May 29, 2012 - Studio Voltaire - Jo Spence
May 29, 2012

Jo Spence

Jo Spence and Terry Dennett, Revisualization,
from Remodelling Photo History,1982.*

Jo Spence at Studio Voltaire and SPACE, London

Jo Spence: Work (Part I)
1 June–15 July 2012
Preview: Thursday 31 May, 6–9pm

129–131 Mare Street, London E8 3RH
Hours: Monday–Friday, 10–5pm 
Saturday and Sunday, 12–6pm

Jo Spence: Work (Part II)
13 June–11 August 2012
Preview: Monday 11 June, 6:30–8:30pm

Studio Voltaire
1a Nelsons Row, London SW4 7JR
Hours: Wednesday–Saturday, 12–6pm

Jo Spence (1934–1992) emerged as a key figure in the mid 1970s from the British photographic left, crucial in debates on photography and the critique of representation. Her work engaged with a range of photographic genres, from documentary to photo therapy, and responded to the prioritisation from the late 1970s onwards of lens-based media in art-critical discourse.

Rough edged, recycled, personal—in essence positively amateur, Spence’s work stands in direct opposition to numerous artistic givens. She proposed process over object, collaboration and collectivity over heroic authorship and, above all, generosity (to self and other) over the pursuit of any singular creative ambition. While adroit with its arguments, she swerved the academic theorisation of photography, preferring an experimental and biographical exploration of ideas. This results in a richly didactic yet highly idiosyncratic output, one that is playful, silly even at times, while also being capable of delivering images of excoriating intensity.

Spence held the firm belief that photography has an empowering capacity when applied to complex issues of class, power, gender, health, and body. From this perspective she rallied against all forms of hegemony, dominance, and control. Her critical concerns, be they with the idea of naturalism in the documentary image or National Health Service protocol, became the primary productive principal for her output, drawing her into action—variably as an artist, writer, activist, community leader, adult educator, and patient.

While a prevailing wind of cultural pessimism might propose Spence’s work as specifically periodic, to those who know it, and to those who—through this exhibition—will come to know it, it is clear that she has much to offer contemporary audiences. Her work is best described as a sort of energetic, one that is constantly agitating, asking the wrong questions, and pushing against things. It is no wonder that Spence was never quite at ease with the title ‘artist.’ Instead she had a preference—one linked both to the behavioural condition of the photographer, but also to the nature of her critical enterprise in general—that of ‘cultural sniper.’

On the twentieth anniversary of her death, Jo Spence Work (Part I and Part II) offers an important opportunity to experience a significant presentation of the photographer’s practice first hand. In doing so, we hope the exhibition allows for a recognition of the relevance of her work and working methods, both of which remain as sharply radical and transformative today as they were over two decades ago.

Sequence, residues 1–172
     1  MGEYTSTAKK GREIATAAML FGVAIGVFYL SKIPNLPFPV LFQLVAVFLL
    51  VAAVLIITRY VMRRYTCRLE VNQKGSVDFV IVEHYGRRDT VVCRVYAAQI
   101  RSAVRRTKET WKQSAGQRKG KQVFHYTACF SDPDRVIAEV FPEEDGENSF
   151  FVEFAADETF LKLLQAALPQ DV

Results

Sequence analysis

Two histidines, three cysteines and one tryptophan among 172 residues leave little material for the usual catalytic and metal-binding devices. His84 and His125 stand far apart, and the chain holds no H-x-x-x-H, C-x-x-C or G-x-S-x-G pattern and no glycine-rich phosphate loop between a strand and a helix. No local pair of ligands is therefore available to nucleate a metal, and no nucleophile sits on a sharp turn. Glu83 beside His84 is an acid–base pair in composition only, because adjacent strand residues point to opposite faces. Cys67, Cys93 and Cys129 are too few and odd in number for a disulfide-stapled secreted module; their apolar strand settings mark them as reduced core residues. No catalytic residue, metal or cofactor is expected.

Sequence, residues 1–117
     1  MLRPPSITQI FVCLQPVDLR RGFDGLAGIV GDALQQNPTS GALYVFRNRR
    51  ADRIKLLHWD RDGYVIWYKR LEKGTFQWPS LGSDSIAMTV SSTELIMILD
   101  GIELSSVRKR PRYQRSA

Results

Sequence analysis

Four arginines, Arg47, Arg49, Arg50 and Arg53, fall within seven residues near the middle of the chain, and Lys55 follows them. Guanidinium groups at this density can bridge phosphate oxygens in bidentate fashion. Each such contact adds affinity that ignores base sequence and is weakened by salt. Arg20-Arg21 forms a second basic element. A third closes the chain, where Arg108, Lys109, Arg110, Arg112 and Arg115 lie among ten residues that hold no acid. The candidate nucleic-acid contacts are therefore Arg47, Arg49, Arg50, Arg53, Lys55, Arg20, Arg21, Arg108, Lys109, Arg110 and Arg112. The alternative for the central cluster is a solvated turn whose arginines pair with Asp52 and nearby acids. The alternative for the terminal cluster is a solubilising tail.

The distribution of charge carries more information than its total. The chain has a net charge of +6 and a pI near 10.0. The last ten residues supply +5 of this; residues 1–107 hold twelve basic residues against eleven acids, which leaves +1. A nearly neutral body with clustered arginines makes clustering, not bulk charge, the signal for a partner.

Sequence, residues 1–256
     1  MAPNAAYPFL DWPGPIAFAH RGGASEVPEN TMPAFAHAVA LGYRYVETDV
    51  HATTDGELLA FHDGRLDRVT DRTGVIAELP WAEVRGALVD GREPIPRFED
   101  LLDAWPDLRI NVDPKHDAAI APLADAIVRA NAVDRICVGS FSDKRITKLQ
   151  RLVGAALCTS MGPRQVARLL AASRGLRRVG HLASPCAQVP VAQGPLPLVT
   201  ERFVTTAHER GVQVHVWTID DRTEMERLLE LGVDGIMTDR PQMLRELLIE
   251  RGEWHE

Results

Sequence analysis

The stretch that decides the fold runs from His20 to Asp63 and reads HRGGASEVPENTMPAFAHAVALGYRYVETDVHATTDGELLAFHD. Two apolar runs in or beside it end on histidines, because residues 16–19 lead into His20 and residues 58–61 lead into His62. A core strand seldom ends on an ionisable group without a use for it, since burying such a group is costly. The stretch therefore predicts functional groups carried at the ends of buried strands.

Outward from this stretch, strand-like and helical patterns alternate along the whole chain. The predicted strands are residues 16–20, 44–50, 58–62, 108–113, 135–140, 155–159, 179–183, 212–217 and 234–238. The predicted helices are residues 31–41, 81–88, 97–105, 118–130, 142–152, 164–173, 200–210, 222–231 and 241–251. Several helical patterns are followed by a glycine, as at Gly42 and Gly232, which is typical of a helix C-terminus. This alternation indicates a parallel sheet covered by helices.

The exhibition is chronologically split across the two sites: SPACE’s presentation will focus on Spence’s work from the late 1960s to the early 1980s and will explore the explicitly social and political dimensions of her early solo and collaborative work. Studio Voltaire will present later works from the early 1980s up to the artist’s death in 1992. The latter works broadly deal with issues of health, therapy, self-empowerment, and mortality.

In recent years, her practice has received attention with retrospectives of Spence’s work at MACBA, Barcelona (2005) and Camera Austria, Graz (2006), and her inclusion in Documenta 12 (2007). Her work is represented in international public collections including MACBA, Barcelona; GOMA, Glasgow; Ryerson Image Centre, Canada; Museo Nacional Centro de Arte Reina Sofia, Madrid and Victoria and Albert Museum, London.

As an integral part of the project, Studio Voltaire has launched NOT OUR CLASS.  This new long-term programme of education and participatory projects takes the work of Jo Spence as a starting point for investigating the legacy and potentials of her work in relation to contemporary culture and life. Through a series of commissions, offsite projects, workshops, public events, and reading groups situated both within Studio Voltaire’s neighbourhood and contemporary art discourse the programme will explore the new turn towards education and participation within contemporary art practice. The programme will include new commissions by artists Emma Hedditch, Marysia Lewandowska, and Rehana Zaman, working with The Jo Spence Memorial Archive, Lambeth Women’s Project, Intoart, King’s College Hospital, and Body & Soul.

The exhibition is made in partnership with Terry Dennett/The Jo Spence Memorial Archive.
Supported by the Stanley Thomas Johnson Foundation and The Andy Warhol Foundation for Visual Arts.
With kind assistance from Richard Saltoun, who represents the Estate of Jo Spence.
NOT OUR CLASS, Studio Voltaire’s associated Education and Participation Programme, is supported by Bloomberg and by the National Lottery through Arts Council England.

*Image above:
Jo Spence and Terry Dennett, Revisualization, From Remodelling Photo History, 1982. © Jo Spence Memorial Archive

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